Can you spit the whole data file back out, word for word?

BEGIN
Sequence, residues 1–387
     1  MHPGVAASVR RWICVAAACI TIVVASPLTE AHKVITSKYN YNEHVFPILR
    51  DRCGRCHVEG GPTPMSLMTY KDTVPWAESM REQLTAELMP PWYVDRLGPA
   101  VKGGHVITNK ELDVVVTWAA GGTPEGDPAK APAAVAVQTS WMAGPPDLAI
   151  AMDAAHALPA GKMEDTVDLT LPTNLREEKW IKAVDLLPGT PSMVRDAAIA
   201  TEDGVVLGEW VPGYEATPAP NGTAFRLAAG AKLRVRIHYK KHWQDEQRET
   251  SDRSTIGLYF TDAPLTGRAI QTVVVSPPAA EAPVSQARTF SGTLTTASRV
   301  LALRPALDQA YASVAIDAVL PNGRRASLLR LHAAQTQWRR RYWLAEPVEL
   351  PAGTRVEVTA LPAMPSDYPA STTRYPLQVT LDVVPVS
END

Sequence, residues 1–387
     1  MHPGVAASVR RWICVAAACI TIVVASPLTE AHKVITSKYN YNEHVFPILR
    51  DRCGRCHVEG GPTPMSLMTY KDTVPWAESM REQLTAELMP PWYVDRLGPA
   101  VKGGHVITNK ELDVVVTWAA GGTPEGDPAK APAAVAVQTS WMAGPPDLAI
   151  AMDAAHALPA GKMEDTVDLT LPTNLREEKW IKAVDLLPGT PSMVRDAAIA
   201  TEDGVVLGEW VPGYEATPAP NGTAFRLAAG AKLRVRIHYK KHWQDEQRET
   251  SDRSTIGLYF TDAPLTGRAI QTVVVSPPAA EAPVSQARTF SGTLTTASRV
   301  LALRPALDQA YASVAIDAVL PNGRRASLLR LHAAQTQWRR RYWLAEPVEL
   351  PAGTRVEVTA LPAMPSDYPA STTRYPLQVT LDVVPVS